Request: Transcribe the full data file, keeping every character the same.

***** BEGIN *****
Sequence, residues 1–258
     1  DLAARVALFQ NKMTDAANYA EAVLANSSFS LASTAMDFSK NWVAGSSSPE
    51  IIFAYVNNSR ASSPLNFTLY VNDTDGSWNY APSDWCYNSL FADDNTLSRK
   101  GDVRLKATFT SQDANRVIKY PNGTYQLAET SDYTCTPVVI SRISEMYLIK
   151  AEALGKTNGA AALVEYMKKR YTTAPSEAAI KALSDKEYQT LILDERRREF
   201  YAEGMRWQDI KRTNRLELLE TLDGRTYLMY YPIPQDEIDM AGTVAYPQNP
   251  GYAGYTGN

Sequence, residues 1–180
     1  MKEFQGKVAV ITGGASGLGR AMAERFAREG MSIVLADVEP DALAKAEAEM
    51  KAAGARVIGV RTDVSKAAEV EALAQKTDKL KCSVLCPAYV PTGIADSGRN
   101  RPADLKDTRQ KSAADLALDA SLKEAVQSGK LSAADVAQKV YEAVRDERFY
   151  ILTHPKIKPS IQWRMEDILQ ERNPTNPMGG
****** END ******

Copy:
Sequence, residues 1–258
     1  DLAARVALFQ NKMTDAANYA EAVLANSSFS LASTAMDFSK NWVAGSSSPE
    51  IIFAYVNNSR ASSPLNFTLY VNDTDGSWNY APSDWCYNSL FADDNTLSRK
   101  GDVRLKATFT SQDANRVIKY PNGTYQLAET SDYTCTPVVI SRISEMYLIK
   151  AEALGKTNGA AALVEYMKKR YTTAPSEAAI KALSDKEYQT LILDERRREF
   201  YAEGMRWQDI KRTNRLELLE TLDGRTYLMY YPIPQDEIDM AGTVAYPQNP
   251  GYAGYTGN

Sequence, residues 1–180
     1  MKEFQGKVAV ITGGASGLGR AMAERFAREG MSIVLADVEP DALAKAEAEM
    51  KAAGARVIGV RTDVSKAAEV EALAQKTDKL KCSVLCPAYV PTGIADSGRN
   101  RPADLKDTRQ KSAADLALDA SLKEAVQSGK LSAADVAQKV YEAVRDERFY
   151  ILTHPKIKPS IQWRMEDILQ ERNPTNPMGG